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What are some keys to seeing life as meaningful?

Interpersonal relationships are crucial

People are less likely to feel anxious or depressed when they view life as having purpose, so it is important to understand factors that enhance the chances of seeing life as meaningful. Increased clarity regarding those influences was the goal of research conducted by Shippensburg University undergraduate Joseph Donohoe and Roanoke College professor Dr. Denise Adkins. They presented their study, “Social Relationships Mediate the Relation between Emotional Intelligence and Meaning in Life,” at the 2008 meeting of the Association for Psychological Science in Chicago.

The researchers noted that multiple factors can contribute to the ultimate outcome of viewing life as meaningful, and that two of them are knowing how to adaptively handle one’s emotions and knowing how to adaptively respond to the emotions of others (both abilities are aspects of emotional intelligence). The investigators measured those two skills via the emotion management portion of the Mayer-Salovey-Caruso Emotional Intelligence Test. Additional relevant factors they identified were actually experiencing both community and intimate relationships and seeing them as sources of personal meaning. The research team measured the contributions of such personal relationships via the relationship and intimacy subscales of the Personal Meaning Profile. The team evaluated meaning in life by using the Purpose in Life Test.

The reported results were based on data from 46 undergraduates at Shippensburg University. Statistical analysis revealed that even after removing the influence of emotion management, personal relationships significantly correlated with meaning in life. There was no significant correlation, though, between emotion management and meaning in life after removing the variance due to personal relationships. When the personal relationships variance was left in the analysis, there was a significant correlation between emotion management and meaning in life. There also was a significant correlation between emotion management and personal relationships.

The findings support the view that knowing how to manage feelings is related to having thriving personal relationships and that the existence of such personal relationships is related to seeing life as meaningful. But knowing how to manage emotions is not significantly related to viewing one’s life as having meaning unless there are opportunities to use that knowledge in actual relationships.


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How much information is enough?

Dating partners often have second thoughts

In a long-term monogamous relationship, how comfortable are partners in asking for various kinds of information. That was one of the questions investigated by Shippensburg University undergraduates Jake Kautz, Michael Ent, Amanda Miller, Shannon Bryfogle, Zachariah Daum, and Psychology professor Dr. Angela Bartoli in their study entitled “Feedback Seeking in Dating Relationships.” They presented their work at the 2008 meeting of the Eastern Psychological Association in Boston.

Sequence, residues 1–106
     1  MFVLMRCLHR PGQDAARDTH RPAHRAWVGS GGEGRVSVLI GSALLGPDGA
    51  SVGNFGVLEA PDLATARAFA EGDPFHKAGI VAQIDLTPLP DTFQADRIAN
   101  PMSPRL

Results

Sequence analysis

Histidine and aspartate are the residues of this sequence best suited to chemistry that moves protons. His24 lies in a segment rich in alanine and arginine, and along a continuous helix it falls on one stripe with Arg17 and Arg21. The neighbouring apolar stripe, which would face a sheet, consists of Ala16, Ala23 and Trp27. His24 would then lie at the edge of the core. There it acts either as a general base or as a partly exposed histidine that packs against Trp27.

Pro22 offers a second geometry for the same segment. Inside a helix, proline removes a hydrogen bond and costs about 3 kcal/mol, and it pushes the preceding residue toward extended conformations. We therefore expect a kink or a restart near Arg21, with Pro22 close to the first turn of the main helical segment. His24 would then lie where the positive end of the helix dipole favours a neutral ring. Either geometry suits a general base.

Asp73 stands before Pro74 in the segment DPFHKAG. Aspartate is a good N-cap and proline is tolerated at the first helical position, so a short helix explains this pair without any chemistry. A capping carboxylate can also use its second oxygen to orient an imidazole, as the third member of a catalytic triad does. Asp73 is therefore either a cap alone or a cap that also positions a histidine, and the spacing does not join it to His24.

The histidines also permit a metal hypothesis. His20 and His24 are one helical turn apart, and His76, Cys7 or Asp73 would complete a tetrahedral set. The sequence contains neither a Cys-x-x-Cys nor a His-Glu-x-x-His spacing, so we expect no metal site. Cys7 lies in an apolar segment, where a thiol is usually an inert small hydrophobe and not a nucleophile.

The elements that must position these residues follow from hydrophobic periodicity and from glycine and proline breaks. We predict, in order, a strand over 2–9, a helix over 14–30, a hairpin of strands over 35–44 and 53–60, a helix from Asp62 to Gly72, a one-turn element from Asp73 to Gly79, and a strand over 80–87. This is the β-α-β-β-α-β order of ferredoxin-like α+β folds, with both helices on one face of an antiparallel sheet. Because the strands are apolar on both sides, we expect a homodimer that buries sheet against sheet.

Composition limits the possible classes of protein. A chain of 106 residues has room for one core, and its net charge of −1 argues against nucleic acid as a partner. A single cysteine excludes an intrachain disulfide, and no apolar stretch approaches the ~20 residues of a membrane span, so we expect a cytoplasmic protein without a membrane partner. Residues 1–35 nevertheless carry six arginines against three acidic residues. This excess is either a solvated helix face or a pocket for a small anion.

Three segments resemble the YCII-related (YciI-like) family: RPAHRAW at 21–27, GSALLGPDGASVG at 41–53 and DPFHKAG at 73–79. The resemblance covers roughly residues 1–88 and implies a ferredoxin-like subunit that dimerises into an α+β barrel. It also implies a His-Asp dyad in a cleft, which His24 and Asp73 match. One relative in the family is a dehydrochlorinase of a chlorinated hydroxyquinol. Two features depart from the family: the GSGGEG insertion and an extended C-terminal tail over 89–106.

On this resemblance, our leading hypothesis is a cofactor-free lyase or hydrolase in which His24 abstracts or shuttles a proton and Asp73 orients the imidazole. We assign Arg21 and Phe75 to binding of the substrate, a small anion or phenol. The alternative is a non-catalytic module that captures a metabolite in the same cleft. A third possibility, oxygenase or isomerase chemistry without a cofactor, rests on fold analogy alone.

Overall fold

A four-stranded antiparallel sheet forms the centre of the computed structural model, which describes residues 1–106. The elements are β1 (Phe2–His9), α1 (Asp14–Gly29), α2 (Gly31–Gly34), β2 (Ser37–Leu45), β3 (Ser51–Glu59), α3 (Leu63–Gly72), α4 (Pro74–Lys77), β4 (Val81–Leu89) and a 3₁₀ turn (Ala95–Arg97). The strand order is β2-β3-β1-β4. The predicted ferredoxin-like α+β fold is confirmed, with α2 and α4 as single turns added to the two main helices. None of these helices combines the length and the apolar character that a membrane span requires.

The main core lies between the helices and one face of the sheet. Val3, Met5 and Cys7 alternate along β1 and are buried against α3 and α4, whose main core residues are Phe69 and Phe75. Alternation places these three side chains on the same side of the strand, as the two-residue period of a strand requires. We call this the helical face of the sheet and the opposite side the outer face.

The researchers surveyed 148 undergraduates. Overall, the participants demonstrated frequent conflict regarding what they thought they should know versus what they actually wanted to know. On 19 of 23 items asking for both what they believed they should do and what they thought they would actually do, there were statistically significant differences between the “should do” and “would do” answers. That finding suggests a lot of conflict with regard to information seeking in romantic relationships.

On several items there were statistically significant differences between the responses of men and women with regard to information-related issues. For example, 81% of the women feared discovering threatening information (such as learning about cheating by the partner), compared to 61% of the men. If there had been cheating, 47% of the women wanted to know all of the details, versus 62% of the men wanting to know everything. The findings suggest that the “need to know” and feelings associated with that need tend to be somewhat different for men and women. Whatever the person’s gender, though, the study indicates that on many information-related issues there is likely to be conflict regarding what one believes should be done versus what one actually does.

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PSI HIGH NEWSLETTER
Editor: Kenneth France, Ph.D.

The Psi High Newsletter is published for teachers of high school psychology by Shippensburg University.

Contributions are encouraged and welcomed.
Please submit material to the editor
Department of Psychology
Shippensburg University
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Shippensburg, PA
17257-2299